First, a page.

Advent Day 19: I Choose Joy

I just love this song! I have never heard a song that better depicts God’s joy. When the choir shouts “Joy” I always get goosebumps.

I also love that this song doesn’t sugar coat things. It’s not saying that when things are going great we should have joy. It talks about the stress of life, the horrible stories on the news, and walking through the valley of the shadow of death. I think we can all relate to that first line “Lately, I’ve been reading, watching the nightly news. Don’t seem to find the rhythm, just wanna sing the blues.” It seems like 90% of the news stories are always bad. Just spending an hour watching the news can leave you depressed and deflated.

Just like love, joy is a choice. It’s not something that we’re asked only to do when things are going well and we’re happy. It’s something that should always be a part of our life. (Joy is something that I personally really struggle with, so I’m talking to myself here). “Joy is an emotion that’s acquired by the anticipation, acquisition or even the expectation of something great or wonderful” (Wellman, 2015). And if we are having trouble being joyful, we should turn to God for it, just like the songwriter did here.

Nehemiah 8:10 says “Do not grieve for the joy of the Lord is your strength.” The people had just been read God’s law and were weeping because they felt so convicted of all of the things that they had done wrong. But Nehemiah was basically saying, “Don’t worry about your past. It’s in the past. Enjoy life right now and serve God in your life right now.” God forgives us of anything that we have done wrong in the past, so don’t let anything in your past dictate whether you are able to have joy right now.

If the joy of the Lord is our strength, then when we are not joyful, we must be weak. That makes sense, because I feel like my faith is pretty weak when I’m feeling depressed. If joy is our strength, then we should put it on like armor and wear it wherever we go so that we are ready when we are attacked by the enemy.

So how do we put on joy? First, we have to let go of our worries and give them up to God (Philippians 4:6-7). Then we need to fix our eyes on Jesus, the author and perfecter of our faith (Hebrews 12:2). Hebrews 12:2 says that Jesus endured the cross for the joy set before him. Even on the cross, Jesus was able to look past his physical circumstances to the joy of overcoming death and having us join him in eternity. I would say that the cross is the worst physical and emotional circumstance that anyone could possibly be in, so if Jesus was able to hold on to joy despite that, then we should be able to as well.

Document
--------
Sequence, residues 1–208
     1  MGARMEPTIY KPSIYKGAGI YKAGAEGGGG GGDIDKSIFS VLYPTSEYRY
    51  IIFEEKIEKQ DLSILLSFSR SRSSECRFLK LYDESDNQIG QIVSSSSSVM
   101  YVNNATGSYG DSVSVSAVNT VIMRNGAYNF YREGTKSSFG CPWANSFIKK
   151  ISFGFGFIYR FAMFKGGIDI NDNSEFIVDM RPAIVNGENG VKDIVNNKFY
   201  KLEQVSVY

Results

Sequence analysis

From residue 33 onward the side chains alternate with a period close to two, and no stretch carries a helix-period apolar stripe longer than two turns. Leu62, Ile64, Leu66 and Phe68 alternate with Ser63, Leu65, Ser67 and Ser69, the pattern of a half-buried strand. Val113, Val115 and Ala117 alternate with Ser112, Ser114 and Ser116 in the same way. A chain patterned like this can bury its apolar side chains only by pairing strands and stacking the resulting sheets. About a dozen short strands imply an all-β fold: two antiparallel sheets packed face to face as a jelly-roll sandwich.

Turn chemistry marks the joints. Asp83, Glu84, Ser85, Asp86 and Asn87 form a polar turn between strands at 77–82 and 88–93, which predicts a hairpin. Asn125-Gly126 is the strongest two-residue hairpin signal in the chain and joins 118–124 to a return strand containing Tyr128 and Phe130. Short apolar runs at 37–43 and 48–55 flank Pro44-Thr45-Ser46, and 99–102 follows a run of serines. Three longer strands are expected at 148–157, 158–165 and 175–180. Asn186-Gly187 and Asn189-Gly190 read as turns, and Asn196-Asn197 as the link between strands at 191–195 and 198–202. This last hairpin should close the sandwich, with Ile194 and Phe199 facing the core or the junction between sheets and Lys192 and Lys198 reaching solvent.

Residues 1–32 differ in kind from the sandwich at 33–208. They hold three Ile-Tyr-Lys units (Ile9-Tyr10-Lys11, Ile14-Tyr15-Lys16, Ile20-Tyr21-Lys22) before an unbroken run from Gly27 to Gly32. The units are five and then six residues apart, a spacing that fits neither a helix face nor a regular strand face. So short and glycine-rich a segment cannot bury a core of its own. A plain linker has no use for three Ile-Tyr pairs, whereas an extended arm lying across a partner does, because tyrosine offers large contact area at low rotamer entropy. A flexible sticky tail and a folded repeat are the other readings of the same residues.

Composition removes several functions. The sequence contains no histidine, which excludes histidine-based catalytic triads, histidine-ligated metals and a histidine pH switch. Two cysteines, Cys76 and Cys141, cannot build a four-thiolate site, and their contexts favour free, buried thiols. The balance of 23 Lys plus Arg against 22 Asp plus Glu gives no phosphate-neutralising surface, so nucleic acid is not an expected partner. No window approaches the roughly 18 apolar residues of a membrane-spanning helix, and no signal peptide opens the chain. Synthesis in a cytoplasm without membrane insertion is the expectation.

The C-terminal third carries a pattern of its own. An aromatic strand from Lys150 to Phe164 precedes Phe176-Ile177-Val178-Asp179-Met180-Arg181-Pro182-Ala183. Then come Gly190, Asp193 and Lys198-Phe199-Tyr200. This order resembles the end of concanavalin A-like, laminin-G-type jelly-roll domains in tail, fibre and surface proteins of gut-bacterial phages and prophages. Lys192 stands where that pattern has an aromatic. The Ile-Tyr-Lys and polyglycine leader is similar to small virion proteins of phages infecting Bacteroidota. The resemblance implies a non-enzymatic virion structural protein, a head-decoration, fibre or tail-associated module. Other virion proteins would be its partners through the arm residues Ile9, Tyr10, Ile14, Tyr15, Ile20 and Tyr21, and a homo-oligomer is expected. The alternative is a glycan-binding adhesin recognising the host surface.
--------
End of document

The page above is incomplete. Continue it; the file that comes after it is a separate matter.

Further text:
Joy and happiness are not the same thing and we don’t have to be happy all the time. Obviously, Jesus was not happy on the cross. In Ecclesiastes 3, the bible says that there is a time for everything, including a time to weep and a time to mourn. So if you are weeping and mourning, don’t feel bad. You don’t have to be happy. But still hold on to your joy.

Galatians 5:22 says that joy is a fruit of the spirit, so it comes from the Holy Spirit. Ultimately, it comes from knowing that God loves us and is there for us. If we want more joy, we need to turn to the Holy Spirit to receive it. Romans 15:13 says “May the God of hope fill you with all joy and peace as you trust in him…” Joy is something that we receive as a gift from God and we get more of it by drawing closer to him. One thing that really helps me receive more joy is praising God. Even if life is going really badly and I am stressed to the max, if I turn on a worship song and just start praising, I start to feel better and my joy starts to return. I’m not necessarily happy after, but I have a peace and a knowledge that God is going to be there for me and help me through these temporary circumstances that I’m going through. I actually have a specific playlist of worship songs that I turn to when I’m worried. Maybe you could add “I Choose Joy” to yours?


Wellman, J. (2015). What is the biblical definition of joy? How does the bible define joy? Christian Crier. Retreived from

Advent Day 15: Joyful

Do you have anyone in your life that you would describe as joyful? Someone who is always smiling and their laughter is contagious? Someone who lights up the room when they walk into it? Someone who always gives you a hug and makes you feel welcome, even if you don’t know them that well?

I love people like that! They are such a blessing to be around and for me, they define what Joy is. Joy is happy, but it goes beyond happy. It’s radiant and beautiful and contagious.

When the angels came to the shepherds in the fields to tell them about Jesus, it said “Do not be afraid. I bring you good news that will cause great joy for all the people.”
-Luke 2:10 NIV

Imagine the joy that the shepherds felt at meeting the baby who was the savior, whom angels had told them about! They were from humble backgrounds and probably would never normally be able to meet a King, much less the King of Kings! It would have been like meeting your favorite celebrity, only better. The Bible says

“The shepherds returned, glorifying and praising God for all the things they had heard and seen, which were just as they had been told.”
-Luke 2:20 NIV

The shepherds’ response to their joy was to praise God. When we experience joys in our lives, like going to a wedding or getting a promotion or just hanging out with the most joyful person in our lives, our response should be the same. Every good gift comes from above and we are right to, like the shepherds, be joyful and praise God for it. And of course the greatest gift of all is Jesus, who is the good news that we can always be joyful about.